Wednesday, July 09, 2008
iPhone, Rogers and Genghis Khan
Most successful leaders have this in common: They love to be loved but don't mind being hated. The name of Genghis Khan enjoys god-like status in some parts of the world. But it would not be surprising to his devotees to find that others would revile the historical man. It is a part of the game of being a conquering hero that your own people will probably love you and those you vanquish will paint you as a baby-on-bayonet rape and pillager.
As a child living at one end of the legendary Silk Road I had heard stories about the great Genghis Khan. I was even named after him. Even though I've been called Jake since coming to Canada my real name is a derived form of Genghis. But growing up in the west I noticed that his name was often associated with a less than heroic narrative.
Billionaire Ted Rogers is a captain of industry well known by Canadians as a leader in the realm of telecommunications. Shareholders in his Rogers Communications love him while his competitors likely don't. His customers however seem to despise him. Owing to actual or near monopolistic positions in various businesses people have had to grudgingly make monthly payments to his companies while seething and hoping for some competitive horizon to level the field. As it turns out Apple's iPhone will only be offered for service on the Rogers network and they've taken up their monopolistic position by gouging their customers with exorbitant data plan rates. What has resulted is an explosion of displeasure that expresses itself in countless thousands of Internet postings decrying their rapacious opportunism.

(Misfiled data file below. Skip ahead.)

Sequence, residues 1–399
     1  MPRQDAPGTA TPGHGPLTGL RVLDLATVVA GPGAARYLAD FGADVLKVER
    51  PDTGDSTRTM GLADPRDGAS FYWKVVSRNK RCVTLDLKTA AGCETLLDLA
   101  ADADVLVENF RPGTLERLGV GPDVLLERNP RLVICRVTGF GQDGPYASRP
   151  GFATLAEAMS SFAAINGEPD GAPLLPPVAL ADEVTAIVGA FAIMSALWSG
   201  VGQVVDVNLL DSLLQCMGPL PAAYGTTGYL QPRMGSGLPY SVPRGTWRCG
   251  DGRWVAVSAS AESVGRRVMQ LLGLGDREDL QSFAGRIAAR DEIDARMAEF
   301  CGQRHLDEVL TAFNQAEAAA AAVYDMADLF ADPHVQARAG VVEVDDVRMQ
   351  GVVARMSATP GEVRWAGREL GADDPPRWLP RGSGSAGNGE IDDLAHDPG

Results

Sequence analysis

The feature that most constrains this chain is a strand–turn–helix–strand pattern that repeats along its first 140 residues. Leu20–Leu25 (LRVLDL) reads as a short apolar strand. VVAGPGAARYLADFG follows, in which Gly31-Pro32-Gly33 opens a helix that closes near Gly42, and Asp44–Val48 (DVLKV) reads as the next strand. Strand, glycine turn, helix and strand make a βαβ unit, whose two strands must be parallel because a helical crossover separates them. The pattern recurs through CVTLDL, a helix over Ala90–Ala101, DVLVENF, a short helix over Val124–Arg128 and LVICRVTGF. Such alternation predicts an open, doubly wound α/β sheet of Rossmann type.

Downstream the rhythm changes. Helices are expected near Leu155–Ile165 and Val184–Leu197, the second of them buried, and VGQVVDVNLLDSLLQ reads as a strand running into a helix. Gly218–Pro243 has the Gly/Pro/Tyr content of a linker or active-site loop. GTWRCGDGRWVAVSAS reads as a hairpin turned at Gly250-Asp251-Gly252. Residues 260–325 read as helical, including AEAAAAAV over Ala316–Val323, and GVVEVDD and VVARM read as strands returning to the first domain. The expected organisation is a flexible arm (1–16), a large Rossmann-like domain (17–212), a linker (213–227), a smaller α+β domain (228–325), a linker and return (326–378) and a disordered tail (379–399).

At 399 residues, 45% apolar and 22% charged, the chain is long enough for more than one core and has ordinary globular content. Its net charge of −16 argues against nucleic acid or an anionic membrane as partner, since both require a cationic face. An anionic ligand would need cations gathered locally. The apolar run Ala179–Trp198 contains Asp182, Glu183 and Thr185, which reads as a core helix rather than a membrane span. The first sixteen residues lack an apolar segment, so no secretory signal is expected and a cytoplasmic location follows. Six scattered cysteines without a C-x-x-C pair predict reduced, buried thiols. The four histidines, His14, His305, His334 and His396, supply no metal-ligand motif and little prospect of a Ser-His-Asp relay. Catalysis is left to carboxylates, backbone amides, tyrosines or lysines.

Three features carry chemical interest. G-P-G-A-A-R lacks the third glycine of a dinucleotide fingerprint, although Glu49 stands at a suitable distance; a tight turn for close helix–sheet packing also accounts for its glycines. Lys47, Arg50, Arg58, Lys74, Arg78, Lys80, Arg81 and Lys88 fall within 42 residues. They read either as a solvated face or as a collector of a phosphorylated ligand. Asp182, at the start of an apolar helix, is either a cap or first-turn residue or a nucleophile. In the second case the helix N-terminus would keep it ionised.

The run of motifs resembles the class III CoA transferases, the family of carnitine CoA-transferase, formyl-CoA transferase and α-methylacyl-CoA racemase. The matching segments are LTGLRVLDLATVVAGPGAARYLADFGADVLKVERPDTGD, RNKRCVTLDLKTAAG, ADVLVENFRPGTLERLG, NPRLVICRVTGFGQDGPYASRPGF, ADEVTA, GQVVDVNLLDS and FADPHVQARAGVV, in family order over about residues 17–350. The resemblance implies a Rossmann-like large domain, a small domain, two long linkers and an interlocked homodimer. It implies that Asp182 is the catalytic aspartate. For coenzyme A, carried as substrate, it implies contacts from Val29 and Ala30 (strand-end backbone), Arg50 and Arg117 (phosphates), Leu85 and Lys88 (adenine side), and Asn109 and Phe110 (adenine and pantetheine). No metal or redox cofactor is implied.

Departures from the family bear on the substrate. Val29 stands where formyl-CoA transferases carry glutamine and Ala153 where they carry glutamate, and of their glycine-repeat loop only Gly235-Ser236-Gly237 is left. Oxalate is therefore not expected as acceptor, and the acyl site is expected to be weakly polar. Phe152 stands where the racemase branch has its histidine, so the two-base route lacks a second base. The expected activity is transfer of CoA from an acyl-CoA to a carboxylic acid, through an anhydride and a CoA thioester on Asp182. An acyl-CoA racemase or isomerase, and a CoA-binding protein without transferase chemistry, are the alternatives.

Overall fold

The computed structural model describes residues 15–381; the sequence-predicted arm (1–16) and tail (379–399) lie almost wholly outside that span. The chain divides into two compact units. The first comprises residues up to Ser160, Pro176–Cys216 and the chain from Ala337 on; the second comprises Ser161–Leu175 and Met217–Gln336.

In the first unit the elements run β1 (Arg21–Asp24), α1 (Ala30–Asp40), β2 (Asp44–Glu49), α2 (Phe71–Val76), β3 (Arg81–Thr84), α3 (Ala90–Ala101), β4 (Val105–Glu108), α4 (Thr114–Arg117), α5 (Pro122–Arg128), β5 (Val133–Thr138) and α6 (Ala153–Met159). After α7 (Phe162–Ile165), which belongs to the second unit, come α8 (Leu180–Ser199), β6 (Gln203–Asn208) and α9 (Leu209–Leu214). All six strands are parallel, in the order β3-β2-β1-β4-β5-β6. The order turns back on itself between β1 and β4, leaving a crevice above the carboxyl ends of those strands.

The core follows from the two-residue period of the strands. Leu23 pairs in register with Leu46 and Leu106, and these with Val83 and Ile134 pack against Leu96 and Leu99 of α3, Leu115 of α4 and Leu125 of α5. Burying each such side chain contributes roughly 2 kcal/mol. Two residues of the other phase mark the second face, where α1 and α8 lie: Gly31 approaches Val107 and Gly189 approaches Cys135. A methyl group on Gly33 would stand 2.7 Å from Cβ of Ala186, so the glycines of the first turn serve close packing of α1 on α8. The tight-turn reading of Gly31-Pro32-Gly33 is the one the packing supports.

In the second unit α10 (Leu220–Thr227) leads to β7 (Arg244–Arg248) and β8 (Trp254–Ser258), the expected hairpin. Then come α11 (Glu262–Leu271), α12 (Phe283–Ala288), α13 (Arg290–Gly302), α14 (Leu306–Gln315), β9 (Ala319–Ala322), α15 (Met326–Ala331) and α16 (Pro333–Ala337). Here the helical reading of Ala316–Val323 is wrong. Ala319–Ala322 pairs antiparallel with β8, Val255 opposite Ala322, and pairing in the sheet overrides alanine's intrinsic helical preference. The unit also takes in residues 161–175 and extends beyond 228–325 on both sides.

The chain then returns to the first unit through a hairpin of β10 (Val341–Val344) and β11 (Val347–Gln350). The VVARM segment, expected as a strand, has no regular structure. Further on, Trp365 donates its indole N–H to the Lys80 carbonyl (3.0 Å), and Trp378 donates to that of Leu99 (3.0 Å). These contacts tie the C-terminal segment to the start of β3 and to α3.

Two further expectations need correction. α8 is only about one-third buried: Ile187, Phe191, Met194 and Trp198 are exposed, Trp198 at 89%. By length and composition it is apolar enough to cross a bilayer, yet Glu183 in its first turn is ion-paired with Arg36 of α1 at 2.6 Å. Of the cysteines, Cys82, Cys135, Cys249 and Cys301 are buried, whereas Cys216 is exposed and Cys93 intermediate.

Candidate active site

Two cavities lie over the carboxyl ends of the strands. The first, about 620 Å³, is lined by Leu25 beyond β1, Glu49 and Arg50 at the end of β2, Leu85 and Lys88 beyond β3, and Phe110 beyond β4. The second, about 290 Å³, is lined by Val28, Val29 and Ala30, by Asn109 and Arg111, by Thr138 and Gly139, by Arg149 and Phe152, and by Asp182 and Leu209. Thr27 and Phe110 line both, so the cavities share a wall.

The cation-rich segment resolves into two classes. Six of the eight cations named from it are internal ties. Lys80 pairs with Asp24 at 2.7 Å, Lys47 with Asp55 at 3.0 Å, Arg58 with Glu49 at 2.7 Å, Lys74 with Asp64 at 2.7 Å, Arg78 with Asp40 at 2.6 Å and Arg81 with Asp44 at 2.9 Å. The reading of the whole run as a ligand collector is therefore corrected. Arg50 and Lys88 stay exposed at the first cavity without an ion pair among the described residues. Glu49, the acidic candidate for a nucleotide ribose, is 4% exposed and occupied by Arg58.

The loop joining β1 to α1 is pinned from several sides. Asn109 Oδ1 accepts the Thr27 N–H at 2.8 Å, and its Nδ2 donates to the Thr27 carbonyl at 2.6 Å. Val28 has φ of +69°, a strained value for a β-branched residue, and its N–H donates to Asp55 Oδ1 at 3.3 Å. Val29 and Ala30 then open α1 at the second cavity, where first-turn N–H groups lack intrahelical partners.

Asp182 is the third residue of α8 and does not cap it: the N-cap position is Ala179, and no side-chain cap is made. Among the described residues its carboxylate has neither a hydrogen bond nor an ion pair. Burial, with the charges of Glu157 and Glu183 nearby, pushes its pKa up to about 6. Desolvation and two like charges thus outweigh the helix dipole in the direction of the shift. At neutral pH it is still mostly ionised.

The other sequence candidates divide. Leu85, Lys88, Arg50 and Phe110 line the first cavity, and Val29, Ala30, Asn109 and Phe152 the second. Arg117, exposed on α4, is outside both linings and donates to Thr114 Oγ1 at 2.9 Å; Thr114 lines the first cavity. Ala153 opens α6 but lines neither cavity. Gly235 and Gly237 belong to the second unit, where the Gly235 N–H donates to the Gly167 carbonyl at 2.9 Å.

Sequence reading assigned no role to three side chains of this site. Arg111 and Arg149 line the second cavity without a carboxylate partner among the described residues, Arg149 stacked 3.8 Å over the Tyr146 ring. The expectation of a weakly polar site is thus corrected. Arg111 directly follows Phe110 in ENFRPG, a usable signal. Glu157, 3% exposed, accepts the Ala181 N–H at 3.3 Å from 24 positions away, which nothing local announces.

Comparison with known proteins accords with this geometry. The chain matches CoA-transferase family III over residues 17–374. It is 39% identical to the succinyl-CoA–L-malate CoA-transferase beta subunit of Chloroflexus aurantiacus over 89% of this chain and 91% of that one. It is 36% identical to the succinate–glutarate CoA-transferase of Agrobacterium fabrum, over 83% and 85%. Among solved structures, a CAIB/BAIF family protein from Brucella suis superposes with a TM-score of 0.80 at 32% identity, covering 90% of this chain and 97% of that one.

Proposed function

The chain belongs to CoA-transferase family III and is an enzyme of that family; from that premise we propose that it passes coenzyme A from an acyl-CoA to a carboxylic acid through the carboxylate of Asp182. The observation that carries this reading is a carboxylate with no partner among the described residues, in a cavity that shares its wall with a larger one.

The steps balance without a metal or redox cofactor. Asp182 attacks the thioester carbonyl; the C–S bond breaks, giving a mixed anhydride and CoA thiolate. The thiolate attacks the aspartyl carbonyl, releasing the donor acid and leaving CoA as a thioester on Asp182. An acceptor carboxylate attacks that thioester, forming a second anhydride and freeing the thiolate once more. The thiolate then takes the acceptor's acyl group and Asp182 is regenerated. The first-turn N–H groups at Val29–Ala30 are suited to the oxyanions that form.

While reading through some of the thousands of comments on fuckrogers.com (which became ruinediphone.com) I noticed a pattern among the more colourfully metaphorical postings. There were countless references to the "raping and pillaging" of customers or how Rogers has engaged in "a scorched earth approach" to the sensibilities of the Canadian wireless consumer. These kind of characterizations are usually reserved for other types of leaders. The Genghis Khan brand is finally getting some reprieve for his name and legacy in the west through films like The Mongol but it has taken the better part of a millennium for this to come about. Maybe Ted Rogers doesn't mind being hated but he should take note and realize that the rehabilitation of the image of such a leader could take a very long time; longer perhaps than shareholders are willing to wait.